Work to close health gap continues amid doubt

Jun 29, 2017

By Alison Laurio, News contributor


Conceptual image representing doctors and medical expenses with a balanceA year ago Heidi L. Allen’s sister died.

“She lived in Idaho, which did not expand Medicaid under the ACA” (Affordable Care Act, also called Obamacare), said Allen, an associate professor of social work at Columbia University in New York whose focus is low-income, uninsured adults.

“Here I study health insurance, and I have a 44-year-old sister dying of cancer who doesn’t have health insurance,” she said. “I felt so helpless to be an expert in this particular area and not be able to help my family. It was horrible. I’ve seen firsthand the consequences people have to this financial barrier.”

And, she said, she is not alone.

“This was my personal tragedy,” Allen said. “Four children lost their mother in the United States of America. It is wrong, and it happens every day. Everyone I know has a story like this. I’ve seen tragedy after tragedy.”

“I focus on insurance, and because I study health insurance, it’s my personal passion. I think it’s one of the biggest issues we need to address.”

The American Academy of Social Work and Social Welfare has focused the profession’s attention on the issue by making “Close the Health Gap” one of its 12 Grand Challenges for Social Work.

Now that group, which Allen is a member of, is proceeding amid the uncertainties of an altered political climate that is pushing potentially dramatic changes for millions of Americans who cannot afford to buy insurance on their own.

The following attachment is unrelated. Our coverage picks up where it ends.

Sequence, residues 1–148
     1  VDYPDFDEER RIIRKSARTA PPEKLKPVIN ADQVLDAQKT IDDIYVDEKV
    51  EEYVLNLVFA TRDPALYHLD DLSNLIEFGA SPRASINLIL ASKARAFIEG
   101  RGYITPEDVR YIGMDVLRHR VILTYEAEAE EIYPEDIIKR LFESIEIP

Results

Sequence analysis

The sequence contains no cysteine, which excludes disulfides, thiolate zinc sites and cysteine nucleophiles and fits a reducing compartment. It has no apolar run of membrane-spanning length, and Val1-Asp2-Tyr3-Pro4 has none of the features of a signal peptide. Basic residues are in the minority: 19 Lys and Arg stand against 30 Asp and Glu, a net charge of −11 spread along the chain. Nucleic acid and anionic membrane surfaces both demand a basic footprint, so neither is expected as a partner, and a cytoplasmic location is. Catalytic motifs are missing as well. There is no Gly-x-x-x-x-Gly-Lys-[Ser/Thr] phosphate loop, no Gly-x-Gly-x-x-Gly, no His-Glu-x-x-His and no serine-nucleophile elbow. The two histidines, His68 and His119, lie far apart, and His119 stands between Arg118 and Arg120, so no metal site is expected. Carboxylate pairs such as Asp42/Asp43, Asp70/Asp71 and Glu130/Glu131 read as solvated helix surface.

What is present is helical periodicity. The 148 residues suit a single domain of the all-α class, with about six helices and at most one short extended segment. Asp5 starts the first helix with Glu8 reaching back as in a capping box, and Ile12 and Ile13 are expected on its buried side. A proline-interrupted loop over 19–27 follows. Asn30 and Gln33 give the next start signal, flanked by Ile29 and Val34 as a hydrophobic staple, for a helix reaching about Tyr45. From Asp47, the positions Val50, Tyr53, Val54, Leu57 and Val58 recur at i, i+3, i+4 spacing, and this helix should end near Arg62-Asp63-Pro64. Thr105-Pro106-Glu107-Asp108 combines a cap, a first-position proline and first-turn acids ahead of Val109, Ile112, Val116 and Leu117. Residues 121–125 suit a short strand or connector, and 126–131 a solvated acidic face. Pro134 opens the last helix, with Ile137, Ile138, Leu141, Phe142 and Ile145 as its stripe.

Heidi Allen

Heidi Allen

“We definitely have setbacks with the political climate, but at the same time, the election has banded people together and created a community of people who want to see change,” said challenge co-leader Michael Spencer. “It’s an opportunity for social work to encourage participation with changing structures.”

While he believes a single-payer system “would solve a lot of problems,” he said, “that’s not where we are starting with this grand challenge.”

“Now we have the ACA, a huge step forward for people and for this country,” said Spencer, BA, MSSW, Ph.D. and the Fedele F. Fauri Collegiate Professor of Social Work at the University of Michigan in Ann Arbor. “It needs more funding. It needs to expand and grow. Those states that chose to expand Medicaid are doing well. We can be idealistic — and we are — but we also believe the fight is before us, and where we’re starting now is with the ACA.”

Gains in Care

The Obamacare Facts website cites a 2012 FamiliesUSA study that states between 2005 and 2010, more than 130,000 Americans died because they lacked health insurance.

“The number of deaths due to a lack of coverage averaged three per hour and the issue plagued every state,” it says. “Other studies have shown those statistics to be high or low, but all studies agree: In America the uninsured are more likely to die than those with insurance.”

A September report by the Henry J. Kaiser Family Foundation states: “The ACA’s major coverage provisions went into effect in January 2014 and have led to significant coverage gains. As of the end of 2015, the number of uninsured non-elderly Americans stood at 28.5 million, a decrease of nearly 13 million since 2013.”

In the following year, more people gained health insurance, according to data from the National Center for Health Statistics released in April. It found 18.2 million fewer adults overall lacked insurance in 2016 than in 2010.

Titled “Changes in Characteristics of Chronically Uninsured Adults,” the bulk of information covers changes for the chronically uninsured — those who lacked insurance for more than one year — from 2010 to September 2016. Those highlights include:

Among adults ages 18 to 64, the percent of chronically uninsured decreased from 16.8 percent to 7.6 percent.

In 2010, the percent of chronically uninsured adults who were non-Hispanic white was larger than the percent who were Hispanic. But in the first nine months of 2016, Hispanics comprised the largest group among the chronically uninsured.

The percent of chronically uninsured adults who lived in the South was higher than in any other region, increasing from 44.6 percent in 2010 to 54.7 percent in the first nine months of 2016.

From the June 2017 NASW News. Read the full article here

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